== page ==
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The Banker


The Banker
Like the 2016 factual drama Hidden Figures, The Banker is a story that should have been told decades ago about intelligent black people embroiled in another tale of racism, but it doesn't seem to be shoved down the viewer's throats the way it was in the 2016 drama.

This 2020 Apple original is a fact-based story of a financial genius and real estate developer named Bernard Garrett who teams with a streetwise nightclub owner and property owner named Joe Morris in order to purchase Los Angeles properties populated by whites, climaxing with the purchase of one of the largest banks in Los Angeles. Knowing they can't get anywhere trying to do what they're doing as blacks in the 1950's, they tap a young white handyman named Matthew Steiner to act as their front man in order to broker the deals with white corporate Los Angeles. Things go sour though when success goes to Bernard's head when he decides to return to his hometown in Texas and purchase the bank there.

Director George Nolfi, whose primary work has been as a screenwriter (The Bourne Ultimatum), has mounted an almost epic tale, told on a huge and inviting canvas that draws us in right away because, despite the fact that racism is the underlying theme of the story, it initially remains underlying as we watch Garrett and Norris build an empire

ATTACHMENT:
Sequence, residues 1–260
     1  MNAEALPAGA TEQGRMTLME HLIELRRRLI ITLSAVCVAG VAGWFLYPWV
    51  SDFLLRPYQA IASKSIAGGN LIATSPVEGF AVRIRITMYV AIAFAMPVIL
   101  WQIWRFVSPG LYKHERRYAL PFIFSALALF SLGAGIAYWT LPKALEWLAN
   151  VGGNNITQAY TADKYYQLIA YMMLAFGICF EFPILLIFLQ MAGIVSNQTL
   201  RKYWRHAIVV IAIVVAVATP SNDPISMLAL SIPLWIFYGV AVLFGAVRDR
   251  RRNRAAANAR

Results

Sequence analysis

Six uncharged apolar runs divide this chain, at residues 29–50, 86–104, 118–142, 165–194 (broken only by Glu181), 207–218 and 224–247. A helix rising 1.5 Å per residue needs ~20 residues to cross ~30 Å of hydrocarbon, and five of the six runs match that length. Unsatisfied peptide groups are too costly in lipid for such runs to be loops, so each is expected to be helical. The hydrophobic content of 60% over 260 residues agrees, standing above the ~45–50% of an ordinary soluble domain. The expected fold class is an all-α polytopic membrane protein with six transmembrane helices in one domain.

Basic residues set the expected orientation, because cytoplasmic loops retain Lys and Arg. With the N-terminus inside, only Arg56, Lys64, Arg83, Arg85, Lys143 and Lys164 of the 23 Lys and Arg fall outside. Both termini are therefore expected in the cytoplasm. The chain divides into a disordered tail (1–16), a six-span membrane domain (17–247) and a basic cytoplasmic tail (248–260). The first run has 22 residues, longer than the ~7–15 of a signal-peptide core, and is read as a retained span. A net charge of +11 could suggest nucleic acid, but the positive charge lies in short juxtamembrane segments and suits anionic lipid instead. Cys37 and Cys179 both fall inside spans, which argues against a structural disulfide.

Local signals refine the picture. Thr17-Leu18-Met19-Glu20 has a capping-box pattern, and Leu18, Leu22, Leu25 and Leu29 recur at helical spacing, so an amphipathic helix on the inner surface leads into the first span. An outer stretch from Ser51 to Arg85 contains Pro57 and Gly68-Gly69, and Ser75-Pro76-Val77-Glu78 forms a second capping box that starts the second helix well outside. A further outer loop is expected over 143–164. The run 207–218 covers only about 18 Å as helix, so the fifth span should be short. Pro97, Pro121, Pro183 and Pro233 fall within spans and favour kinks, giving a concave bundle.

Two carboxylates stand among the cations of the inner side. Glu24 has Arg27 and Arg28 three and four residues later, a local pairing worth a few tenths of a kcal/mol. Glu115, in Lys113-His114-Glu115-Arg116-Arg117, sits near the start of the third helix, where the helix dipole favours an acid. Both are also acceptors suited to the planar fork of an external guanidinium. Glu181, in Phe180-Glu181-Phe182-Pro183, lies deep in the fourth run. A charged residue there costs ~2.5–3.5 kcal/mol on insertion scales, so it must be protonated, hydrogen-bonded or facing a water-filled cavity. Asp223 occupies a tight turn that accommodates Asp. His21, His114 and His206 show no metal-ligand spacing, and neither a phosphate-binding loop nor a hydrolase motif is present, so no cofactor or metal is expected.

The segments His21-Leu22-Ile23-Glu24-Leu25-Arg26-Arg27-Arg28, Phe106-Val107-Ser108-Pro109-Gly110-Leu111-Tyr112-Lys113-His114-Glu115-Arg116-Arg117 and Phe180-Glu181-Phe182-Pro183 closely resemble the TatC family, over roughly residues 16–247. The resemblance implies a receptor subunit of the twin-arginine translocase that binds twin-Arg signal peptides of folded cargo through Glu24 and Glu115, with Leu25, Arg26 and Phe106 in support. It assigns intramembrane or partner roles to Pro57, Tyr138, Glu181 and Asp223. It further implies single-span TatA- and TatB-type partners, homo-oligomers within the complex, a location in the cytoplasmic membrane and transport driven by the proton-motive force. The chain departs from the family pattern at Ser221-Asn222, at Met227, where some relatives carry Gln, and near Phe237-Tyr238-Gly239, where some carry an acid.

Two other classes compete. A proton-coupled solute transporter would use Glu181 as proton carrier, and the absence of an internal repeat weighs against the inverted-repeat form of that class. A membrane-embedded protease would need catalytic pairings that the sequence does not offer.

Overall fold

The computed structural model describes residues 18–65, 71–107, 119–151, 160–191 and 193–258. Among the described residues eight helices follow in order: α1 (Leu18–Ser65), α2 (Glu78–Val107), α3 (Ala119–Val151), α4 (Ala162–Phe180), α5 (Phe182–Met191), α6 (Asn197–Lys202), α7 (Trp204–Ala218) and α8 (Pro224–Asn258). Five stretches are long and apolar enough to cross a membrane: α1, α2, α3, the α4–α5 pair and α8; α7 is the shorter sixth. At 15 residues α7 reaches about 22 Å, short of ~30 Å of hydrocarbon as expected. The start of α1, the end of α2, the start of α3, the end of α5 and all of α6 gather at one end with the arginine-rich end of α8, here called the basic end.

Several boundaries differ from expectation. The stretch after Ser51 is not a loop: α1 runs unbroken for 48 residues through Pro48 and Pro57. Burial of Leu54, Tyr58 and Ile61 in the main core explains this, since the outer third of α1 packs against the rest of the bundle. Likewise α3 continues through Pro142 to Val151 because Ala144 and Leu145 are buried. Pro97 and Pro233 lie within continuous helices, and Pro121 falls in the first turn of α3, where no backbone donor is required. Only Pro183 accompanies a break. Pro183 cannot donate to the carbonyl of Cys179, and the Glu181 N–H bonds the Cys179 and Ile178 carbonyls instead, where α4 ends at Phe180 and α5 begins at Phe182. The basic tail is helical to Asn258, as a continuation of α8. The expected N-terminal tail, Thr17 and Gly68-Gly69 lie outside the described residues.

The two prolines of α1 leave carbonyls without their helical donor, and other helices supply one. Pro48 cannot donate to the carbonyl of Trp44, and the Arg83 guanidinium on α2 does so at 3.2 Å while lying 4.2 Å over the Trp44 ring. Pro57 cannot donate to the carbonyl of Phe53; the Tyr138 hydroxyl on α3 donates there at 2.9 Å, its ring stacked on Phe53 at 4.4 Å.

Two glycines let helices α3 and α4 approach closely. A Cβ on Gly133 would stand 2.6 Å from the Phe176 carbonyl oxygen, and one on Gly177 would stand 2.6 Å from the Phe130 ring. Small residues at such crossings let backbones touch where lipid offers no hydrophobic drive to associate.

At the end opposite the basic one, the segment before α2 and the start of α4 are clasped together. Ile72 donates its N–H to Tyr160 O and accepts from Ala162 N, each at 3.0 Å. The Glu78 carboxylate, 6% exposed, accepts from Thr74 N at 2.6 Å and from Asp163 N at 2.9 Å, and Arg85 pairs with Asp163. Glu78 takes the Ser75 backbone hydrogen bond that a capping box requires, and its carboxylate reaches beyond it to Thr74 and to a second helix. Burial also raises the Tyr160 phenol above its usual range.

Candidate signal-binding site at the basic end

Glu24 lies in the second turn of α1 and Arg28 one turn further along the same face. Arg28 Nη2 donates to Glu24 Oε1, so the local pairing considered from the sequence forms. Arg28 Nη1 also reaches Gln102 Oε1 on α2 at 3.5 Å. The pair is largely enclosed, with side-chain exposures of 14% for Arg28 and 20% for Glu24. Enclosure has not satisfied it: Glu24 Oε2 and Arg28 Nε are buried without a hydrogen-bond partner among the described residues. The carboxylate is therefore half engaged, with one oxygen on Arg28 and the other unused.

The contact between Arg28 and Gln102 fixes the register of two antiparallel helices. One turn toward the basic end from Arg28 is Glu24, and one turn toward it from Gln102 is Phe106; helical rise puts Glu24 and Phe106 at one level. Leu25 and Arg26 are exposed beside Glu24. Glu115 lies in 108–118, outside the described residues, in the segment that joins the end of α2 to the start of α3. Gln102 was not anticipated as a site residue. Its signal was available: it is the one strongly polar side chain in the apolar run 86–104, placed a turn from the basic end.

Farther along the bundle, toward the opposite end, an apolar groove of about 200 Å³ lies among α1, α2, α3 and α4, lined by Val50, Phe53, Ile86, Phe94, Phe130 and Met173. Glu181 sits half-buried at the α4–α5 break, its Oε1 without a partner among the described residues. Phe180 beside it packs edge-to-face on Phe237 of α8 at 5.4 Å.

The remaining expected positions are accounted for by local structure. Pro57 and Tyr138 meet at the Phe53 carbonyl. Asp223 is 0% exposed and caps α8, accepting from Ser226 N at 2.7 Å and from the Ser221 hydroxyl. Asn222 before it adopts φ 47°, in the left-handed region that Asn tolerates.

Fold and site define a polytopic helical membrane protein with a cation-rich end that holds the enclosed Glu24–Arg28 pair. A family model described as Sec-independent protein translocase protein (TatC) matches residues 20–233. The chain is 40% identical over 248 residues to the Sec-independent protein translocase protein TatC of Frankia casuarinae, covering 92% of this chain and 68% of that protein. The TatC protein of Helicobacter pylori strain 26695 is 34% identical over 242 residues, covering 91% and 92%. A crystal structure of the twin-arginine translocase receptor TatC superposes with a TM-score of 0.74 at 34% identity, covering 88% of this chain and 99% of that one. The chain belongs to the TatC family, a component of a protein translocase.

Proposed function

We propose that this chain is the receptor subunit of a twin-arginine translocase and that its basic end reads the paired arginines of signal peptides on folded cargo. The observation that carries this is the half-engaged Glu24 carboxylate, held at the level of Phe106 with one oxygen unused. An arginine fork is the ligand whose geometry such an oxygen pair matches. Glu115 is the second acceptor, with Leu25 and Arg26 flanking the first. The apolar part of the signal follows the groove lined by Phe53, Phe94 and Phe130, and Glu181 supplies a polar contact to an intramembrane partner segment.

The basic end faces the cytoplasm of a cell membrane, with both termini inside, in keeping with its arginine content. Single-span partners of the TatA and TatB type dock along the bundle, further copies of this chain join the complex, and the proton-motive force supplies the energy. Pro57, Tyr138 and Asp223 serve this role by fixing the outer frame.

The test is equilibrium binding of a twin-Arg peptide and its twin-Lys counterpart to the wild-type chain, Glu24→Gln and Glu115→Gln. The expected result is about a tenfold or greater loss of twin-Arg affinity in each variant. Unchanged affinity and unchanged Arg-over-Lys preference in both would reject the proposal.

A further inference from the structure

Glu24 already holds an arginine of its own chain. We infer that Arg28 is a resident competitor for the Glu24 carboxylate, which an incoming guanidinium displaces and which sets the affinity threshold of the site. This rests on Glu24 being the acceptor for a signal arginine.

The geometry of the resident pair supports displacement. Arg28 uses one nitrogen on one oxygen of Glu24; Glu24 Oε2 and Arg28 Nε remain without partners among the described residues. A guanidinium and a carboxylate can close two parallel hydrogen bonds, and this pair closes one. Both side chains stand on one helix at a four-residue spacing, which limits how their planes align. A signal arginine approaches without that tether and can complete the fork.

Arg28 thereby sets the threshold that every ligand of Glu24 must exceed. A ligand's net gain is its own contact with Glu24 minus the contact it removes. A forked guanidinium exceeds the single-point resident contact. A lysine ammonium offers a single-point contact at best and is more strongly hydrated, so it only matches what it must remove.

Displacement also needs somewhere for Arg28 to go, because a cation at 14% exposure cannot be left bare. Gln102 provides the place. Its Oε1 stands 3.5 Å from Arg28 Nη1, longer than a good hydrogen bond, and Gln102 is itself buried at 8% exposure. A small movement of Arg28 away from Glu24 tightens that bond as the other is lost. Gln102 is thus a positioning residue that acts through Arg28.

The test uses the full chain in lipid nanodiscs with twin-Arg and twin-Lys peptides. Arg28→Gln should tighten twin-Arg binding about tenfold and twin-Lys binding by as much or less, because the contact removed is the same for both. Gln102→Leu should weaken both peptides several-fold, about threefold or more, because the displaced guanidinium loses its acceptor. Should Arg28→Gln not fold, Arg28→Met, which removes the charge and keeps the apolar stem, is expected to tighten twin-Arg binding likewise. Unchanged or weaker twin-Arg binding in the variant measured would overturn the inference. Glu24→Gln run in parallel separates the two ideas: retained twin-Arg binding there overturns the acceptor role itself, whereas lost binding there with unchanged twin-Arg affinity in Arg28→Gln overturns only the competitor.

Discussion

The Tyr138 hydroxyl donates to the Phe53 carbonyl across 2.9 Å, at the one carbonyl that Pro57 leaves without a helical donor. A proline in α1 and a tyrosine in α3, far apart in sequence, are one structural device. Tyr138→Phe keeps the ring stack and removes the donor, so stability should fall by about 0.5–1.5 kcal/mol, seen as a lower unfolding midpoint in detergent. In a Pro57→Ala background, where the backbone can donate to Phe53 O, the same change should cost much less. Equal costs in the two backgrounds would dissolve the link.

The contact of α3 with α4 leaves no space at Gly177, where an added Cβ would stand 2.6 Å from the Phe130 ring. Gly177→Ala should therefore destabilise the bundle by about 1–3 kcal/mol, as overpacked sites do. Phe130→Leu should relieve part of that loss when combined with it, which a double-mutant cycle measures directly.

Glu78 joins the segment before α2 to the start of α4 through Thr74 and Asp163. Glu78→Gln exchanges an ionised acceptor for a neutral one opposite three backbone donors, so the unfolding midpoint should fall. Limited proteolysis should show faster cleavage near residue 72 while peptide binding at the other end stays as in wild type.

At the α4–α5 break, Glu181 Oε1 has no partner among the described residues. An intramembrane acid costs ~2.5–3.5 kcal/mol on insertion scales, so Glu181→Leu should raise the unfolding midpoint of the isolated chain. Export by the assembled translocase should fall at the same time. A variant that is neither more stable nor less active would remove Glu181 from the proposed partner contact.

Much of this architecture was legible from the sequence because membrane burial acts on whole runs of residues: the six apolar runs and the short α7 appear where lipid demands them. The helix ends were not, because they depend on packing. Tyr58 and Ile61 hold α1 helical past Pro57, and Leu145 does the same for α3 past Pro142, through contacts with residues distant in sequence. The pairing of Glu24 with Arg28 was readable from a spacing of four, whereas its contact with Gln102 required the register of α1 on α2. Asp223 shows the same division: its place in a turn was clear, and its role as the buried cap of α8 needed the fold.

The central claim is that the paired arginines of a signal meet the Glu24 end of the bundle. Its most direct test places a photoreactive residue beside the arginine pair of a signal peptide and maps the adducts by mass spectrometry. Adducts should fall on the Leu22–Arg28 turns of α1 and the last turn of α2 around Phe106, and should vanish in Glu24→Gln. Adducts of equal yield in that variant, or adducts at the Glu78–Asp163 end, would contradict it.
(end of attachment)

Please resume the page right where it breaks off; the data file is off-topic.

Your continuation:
in Los Angeles, fully aware of how their black faces are going to prevent them from doing what they want to do and decide to use it to their advantage. The scenes of Garrett and Morris grooming young Steiner to be their front man are a lot of fun. It was very amusing that the first thing Morris decides they have to do is to train young Matt how to play golf, since so much business is conducted on the links.

This film fully puts us behind Garrett and Morris and their manipulation of Matt was such a refreshing thing to watch, but the second half of the film becomes a real yet compelling downer as not only do Garrett and Morris bite off more than they can chew, but success goes to Matt's head as well. It's sad watching what happens to these guys and the consequences of their actions are revealed during the epilogue. What's interesting is that no mention is made of consequences for Matt, who also becomes part of the slightly pat conclusion.

The film features handsome production values, including spectacular cinematography, film editing and a pulsing music score. Anthony Mackie gets the best role of his career as the serious Bernard Garrett and nails it, as does Samuel L. Jackson, offering his accustomed flashy turn as Joe Morris. Nicholas Hoult, who stole every scene he had in The Favorite, is appropriately sincere as Matt, once again proving his surprising versatility for such a young actor. The story is important because what happened to Garrett and Morris indirectly led to the Fair Housing Act of 1968, which regulated discrimination in real estate because of race. For that reason alone, this film is appointment viewing.